By Martin Banks - 23rd November 2010
People often ask me: What can I do?
UN peace messenger Jane Goodall told a meeting in parliament that human activity is "slowly destroying" the planet.
The famous primatologist also admitted to having a "heavy personal carbon footprint" herself.
"I travel 300 days a year on aircraft that spew C02 into the atmosphere so I am clearly contributing to the production of greenhouse gas emissions," she said.
She hoped, however, that increased environmental protection measures would help "absorb" her personal impact on the environment.
Goodall, considered to be the world's leading expert on chimpanzees, was in parliament in Brussels to address an audience of 340 schoolchildren and teachers from 10 different schools in and around Brussels.
The Briton, who was appointed to her peace messenger post by former UN secretary general Kofi Annan, was speaking ahead of the upcoming conference on climate change in Cancún, Mexico.
Speaking on Monday, she said, "The message I want to convey today is that one of the most important things we can do to slow down climate change, and one of the most economically effective, is to protect tropical rainforests. As we cut down the forests, we release CO2, and then burning releases more, the forest itself is sequestering CO2."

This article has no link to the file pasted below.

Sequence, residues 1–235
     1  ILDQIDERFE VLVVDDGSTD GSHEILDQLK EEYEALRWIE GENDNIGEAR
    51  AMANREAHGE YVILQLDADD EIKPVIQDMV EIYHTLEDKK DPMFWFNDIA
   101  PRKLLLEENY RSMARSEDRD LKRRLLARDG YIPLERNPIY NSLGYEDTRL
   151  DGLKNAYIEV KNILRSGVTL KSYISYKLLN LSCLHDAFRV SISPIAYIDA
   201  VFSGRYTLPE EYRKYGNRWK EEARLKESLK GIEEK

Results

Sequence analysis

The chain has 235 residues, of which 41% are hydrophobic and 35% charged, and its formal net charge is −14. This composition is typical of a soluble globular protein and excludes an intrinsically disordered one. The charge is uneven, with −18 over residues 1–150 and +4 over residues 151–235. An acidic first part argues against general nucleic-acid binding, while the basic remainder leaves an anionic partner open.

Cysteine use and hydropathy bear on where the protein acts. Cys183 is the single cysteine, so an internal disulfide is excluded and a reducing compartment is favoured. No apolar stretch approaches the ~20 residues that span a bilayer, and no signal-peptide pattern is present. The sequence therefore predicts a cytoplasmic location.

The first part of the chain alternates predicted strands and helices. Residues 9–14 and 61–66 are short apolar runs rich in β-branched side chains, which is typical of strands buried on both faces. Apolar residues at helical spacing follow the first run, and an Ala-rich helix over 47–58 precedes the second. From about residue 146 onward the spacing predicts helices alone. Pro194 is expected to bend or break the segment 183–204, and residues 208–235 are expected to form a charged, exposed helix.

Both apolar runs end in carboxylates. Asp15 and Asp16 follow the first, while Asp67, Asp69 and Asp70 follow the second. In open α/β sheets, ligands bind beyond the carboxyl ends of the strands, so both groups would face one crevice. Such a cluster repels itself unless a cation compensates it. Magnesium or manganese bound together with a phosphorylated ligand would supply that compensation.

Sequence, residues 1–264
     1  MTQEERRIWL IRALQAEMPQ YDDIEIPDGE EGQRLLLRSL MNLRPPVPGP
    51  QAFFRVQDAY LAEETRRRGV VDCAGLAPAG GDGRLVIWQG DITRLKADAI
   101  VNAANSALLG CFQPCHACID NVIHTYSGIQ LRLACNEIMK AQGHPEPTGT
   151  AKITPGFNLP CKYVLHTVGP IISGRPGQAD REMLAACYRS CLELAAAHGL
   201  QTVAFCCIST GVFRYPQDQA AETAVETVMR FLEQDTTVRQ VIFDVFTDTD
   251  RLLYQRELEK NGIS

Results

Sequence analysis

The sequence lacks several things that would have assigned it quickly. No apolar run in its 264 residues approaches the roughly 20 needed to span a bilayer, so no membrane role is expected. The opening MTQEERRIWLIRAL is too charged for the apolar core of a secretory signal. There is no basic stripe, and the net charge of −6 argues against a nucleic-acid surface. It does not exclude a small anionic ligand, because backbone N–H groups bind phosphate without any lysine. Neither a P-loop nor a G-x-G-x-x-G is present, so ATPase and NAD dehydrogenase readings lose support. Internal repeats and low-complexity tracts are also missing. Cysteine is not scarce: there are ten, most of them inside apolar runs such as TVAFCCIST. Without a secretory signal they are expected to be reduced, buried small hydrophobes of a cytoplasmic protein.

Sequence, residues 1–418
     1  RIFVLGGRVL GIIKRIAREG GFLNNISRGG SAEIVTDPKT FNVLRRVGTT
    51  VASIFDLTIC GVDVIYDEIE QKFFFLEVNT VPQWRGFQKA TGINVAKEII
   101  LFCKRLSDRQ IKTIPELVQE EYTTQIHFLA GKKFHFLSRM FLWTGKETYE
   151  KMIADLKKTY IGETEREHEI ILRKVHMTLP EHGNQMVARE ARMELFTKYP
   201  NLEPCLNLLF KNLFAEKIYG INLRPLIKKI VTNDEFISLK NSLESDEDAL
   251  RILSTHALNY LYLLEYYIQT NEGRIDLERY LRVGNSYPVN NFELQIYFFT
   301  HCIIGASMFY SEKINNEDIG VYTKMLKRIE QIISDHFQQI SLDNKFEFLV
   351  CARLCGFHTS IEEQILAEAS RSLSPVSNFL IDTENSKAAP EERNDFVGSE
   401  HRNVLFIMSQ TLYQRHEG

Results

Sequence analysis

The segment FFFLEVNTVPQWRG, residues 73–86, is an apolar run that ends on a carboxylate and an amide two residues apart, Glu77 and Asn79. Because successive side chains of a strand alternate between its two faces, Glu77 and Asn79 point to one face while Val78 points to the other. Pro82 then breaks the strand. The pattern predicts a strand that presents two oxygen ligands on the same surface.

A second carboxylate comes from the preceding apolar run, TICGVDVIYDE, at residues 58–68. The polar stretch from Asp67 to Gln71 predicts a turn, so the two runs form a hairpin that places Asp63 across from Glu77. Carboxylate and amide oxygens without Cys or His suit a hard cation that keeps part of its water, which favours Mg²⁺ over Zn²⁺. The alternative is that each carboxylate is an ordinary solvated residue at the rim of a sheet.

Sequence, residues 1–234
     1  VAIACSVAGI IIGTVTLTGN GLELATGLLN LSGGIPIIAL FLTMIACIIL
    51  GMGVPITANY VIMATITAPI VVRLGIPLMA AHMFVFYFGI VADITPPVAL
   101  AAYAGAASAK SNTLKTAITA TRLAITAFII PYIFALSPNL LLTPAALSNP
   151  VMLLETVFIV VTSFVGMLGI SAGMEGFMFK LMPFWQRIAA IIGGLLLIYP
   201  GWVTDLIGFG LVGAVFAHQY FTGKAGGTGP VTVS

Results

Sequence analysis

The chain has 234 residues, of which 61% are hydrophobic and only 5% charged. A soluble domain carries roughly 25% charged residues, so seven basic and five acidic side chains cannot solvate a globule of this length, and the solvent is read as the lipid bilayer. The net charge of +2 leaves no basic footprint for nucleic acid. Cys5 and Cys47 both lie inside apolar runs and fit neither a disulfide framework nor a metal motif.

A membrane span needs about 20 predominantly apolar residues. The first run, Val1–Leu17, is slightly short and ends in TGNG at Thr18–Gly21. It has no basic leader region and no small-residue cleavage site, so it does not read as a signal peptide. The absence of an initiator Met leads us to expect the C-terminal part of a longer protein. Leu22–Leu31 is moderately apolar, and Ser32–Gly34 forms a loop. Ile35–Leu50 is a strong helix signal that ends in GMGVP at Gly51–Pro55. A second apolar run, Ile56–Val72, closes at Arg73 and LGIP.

She said another message was the need to address intensive animal farming.
"Vast areas of forests are cut down to provide places to grow grain, more and more people eat more and more meat, they want cheap meat. The animals are fed unnatural diets so they produce huge amounts of methane gas which is a big contributor to the greenhouse effect.
"Cruelty aside, this intensive farming is incredibly damaging to the environment and to human health."
Goodall, who was in Brussels to promote here global youth movement called "Roots & Shoots," said, "People often ask me: "What can I do?"
"The problems are so huge in the world that people feel helpless, and when you feel helpless you just don't do anything. Everyone leaves it to the scientists and the politicians, as it is their problem, not mine".
"But I always say just spend a few minutes every day thinking about the consequences of the choices you make - what you buy, what you eat, what you wear, how you get from A to B".
"Some people cannot afford to make the right choice but there are millions of people who can, and everyone can make some of the right choices."